Veld fires can be avoided

HARARE - The period from July 31 right up to the end of October rank as some of the driest in Zimbabwe and  — befittingly has been named the fire season by environmentalists.

The major reason for naming it thus was to increase awareness on the importance of taking precautions whenever someone has to light a fire for whatever reason.

Veld fires have in the past led to not only the destruction of the environment as well as property but sadly has also led to the loss of lives in some instances.

Veld fires cause extensive environmental degradation through the reduction of land cover, thus exposing the land to accelerated soil erosion. Surface run-off increases where there is no grass and vegetation cover. Once this happens, the siltation of rivers and other water bodies like dams is heightened thus reducing their water carrying capacity.

Whereas the siltation of the canals in the Nyanyadzi Irrigation Scheme, Chimaninmani in Manicaland Province may not have been caused directly by veld fires, human settlements and poor cultivation methods upstream of the Odzi River, remains a case in point where people’s livelihoods were threatened by the dysfunctional infrastructure as farmers at one point could no longer irrigate their crops.

In instances of heavy downpours, low-lying areas are exposed to flooding because of silted rivers and dams.

Veld fires lead to the destruction of plantations, unharvested crops as well as pastures, threatening restocking efforts. Plantations are foreign currency earners, meaning that potential is lost when plantations fall victim of veld fires.

Food security is severely threatened when the maize staple and wheat are destroyed in veld fires.

Perhaps one of the worst would be the loss of human life resulting from wanton burning of vegetation as people try to clear land for cultivation. More often, the victims are toddlers between the ages of two and five as well as those over 70 years of age who find it difficult to timeously move to safety when fires break out.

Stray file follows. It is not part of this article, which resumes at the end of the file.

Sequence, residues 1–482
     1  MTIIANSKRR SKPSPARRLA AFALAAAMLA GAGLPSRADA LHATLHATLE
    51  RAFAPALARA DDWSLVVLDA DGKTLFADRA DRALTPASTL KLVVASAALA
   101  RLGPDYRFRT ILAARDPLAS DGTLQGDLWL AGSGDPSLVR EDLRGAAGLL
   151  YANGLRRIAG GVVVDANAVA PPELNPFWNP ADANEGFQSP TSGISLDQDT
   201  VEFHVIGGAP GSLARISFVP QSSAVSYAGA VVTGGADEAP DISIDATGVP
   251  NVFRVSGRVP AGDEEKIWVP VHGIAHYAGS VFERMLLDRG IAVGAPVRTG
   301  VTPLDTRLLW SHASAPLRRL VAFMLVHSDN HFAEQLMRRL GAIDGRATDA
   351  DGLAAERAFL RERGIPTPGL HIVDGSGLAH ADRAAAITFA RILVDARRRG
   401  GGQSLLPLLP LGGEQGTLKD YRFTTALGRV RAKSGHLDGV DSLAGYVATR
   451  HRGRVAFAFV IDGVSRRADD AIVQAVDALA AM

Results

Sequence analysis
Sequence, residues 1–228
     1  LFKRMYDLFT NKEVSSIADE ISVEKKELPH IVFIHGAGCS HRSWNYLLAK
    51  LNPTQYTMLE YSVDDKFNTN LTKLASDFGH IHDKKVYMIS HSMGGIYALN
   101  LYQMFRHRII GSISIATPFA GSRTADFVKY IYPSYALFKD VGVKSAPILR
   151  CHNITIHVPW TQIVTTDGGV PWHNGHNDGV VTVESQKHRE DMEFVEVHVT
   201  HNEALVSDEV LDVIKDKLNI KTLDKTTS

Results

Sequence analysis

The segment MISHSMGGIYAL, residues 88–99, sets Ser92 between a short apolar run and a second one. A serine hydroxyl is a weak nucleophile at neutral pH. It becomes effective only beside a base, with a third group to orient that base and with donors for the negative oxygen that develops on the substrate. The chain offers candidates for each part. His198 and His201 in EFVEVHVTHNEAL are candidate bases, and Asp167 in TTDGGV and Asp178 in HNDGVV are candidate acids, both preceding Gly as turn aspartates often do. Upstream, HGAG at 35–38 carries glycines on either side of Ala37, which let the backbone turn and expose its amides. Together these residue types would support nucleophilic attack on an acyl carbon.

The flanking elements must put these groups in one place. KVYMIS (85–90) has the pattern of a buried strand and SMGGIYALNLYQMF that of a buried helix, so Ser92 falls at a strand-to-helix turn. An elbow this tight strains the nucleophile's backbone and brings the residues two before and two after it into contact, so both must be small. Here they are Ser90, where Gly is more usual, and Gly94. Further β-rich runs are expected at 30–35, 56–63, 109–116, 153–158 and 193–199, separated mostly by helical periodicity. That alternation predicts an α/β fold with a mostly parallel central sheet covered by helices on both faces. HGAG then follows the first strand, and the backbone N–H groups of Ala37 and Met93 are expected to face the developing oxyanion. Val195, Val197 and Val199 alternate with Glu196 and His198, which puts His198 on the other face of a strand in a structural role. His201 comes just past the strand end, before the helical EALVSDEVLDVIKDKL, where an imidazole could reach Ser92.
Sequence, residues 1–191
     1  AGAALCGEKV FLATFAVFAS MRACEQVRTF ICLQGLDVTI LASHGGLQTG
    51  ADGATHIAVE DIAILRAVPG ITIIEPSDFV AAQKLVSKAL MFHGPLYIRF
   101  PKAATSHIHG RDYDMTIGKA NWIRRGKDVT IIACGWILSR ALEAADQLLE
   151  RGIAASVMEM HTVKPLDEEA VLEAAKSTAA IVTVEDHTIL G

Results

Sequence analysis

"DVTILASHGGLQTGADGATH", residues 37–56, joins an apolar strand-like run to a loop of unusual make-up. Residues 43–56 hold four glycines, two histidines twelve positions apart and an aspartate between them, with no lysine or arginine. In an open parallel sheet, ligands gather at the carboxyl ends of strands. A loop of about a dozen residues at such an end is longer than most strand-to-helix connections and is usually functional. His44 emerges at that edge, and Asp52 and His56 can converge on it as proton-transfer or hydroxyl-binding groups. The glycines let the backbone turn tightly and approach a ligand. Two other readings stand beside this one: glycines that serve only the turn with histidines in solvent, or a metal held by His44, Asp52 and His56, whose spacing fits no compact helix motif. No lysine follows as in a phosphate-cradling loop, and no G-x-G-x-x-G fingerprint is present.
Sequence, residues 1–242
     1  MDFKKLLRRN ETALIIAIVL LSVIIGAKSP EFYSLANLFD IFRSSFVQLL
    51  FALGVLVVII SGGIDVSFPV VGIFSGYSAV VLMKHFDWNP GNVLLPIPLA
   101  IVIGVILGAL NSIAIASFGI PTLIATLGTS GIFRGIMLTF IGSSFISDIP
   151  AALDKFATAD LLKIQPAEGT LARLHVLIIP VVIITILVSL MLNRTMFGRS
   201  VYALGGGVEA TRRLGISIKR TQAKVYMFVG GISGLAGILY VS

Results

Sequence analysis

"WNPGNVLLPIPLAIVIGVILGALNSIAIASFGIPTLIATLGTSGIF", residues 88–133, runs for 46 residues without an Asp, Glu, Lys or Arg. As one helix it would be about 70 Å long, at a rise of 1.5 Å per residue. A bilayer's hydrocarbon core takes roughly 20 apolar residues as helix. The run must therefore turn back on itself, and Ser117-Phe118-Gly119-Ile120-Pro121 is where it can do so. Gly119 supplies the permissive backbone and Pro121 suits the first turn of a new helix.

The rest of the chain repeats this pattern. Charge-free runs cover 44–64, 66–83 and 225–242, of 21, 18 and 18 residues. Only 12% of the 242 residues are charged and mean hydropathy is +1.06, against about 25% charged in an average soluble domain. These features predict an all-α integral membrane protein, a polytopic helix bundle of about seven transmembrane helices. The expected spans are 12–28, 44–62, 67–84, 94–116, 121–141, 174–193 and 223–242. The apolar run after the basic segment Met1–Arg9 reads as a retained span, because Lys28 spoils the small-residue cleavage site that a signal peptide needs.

All Zimbabwean citizens and institutions have a role to play in the fight against veld fires, first by ensuring that every fire is reported, which will give room to concerted efforts in controlling it while minimising the danger it could pose.

Collective efforts are paramount if a fire breaks out because trying to douse flames individually could turn out to be fatal.

Veld fires can result from other unlikely activities besides the clearing of land. The smoking public should guard against throwing cigarette buts into the grass since they can be an unlikely source of uncontrollable fires.

People who wait for early morning buses by the roadsides often light fires which they do not put off when the buses come. These could also be blown into the nearby grass, burning large tracts of veld.

Hunters who may want to smoke out bees to collect honey have also been cited as causing veld fires, hence the practice has to be discouraged at all costs.

However, farmers can also do a lot in order to protect their land from veld fires. Standard fireguards on farm boundaries, measuring at least nine metres wide, is one way of reducing the risk of veld fires spreading further if they are started in neighbouring farms.

As an extra measure, farmers should establish properly trained and equipped fire-fighting teams with the capacity to extinguish veld fires.

There is a lot that traditional leaders could also do in areas under their jurisdiction to help in the fight against veld fires.

They should embark on awareness campaigns to educate their people on the dangers of veld fires as well as mitigation measures.

Any of their people found to have started fires should be dealt with severely at that level to deter would-be offenders.

It must be known that veld fires are destructive and cost the environment dearly and as a result the fiscus when they can be avoided thus placing the burden on government to ensure all statutory instruments are activated to deal with cases of veld fires.

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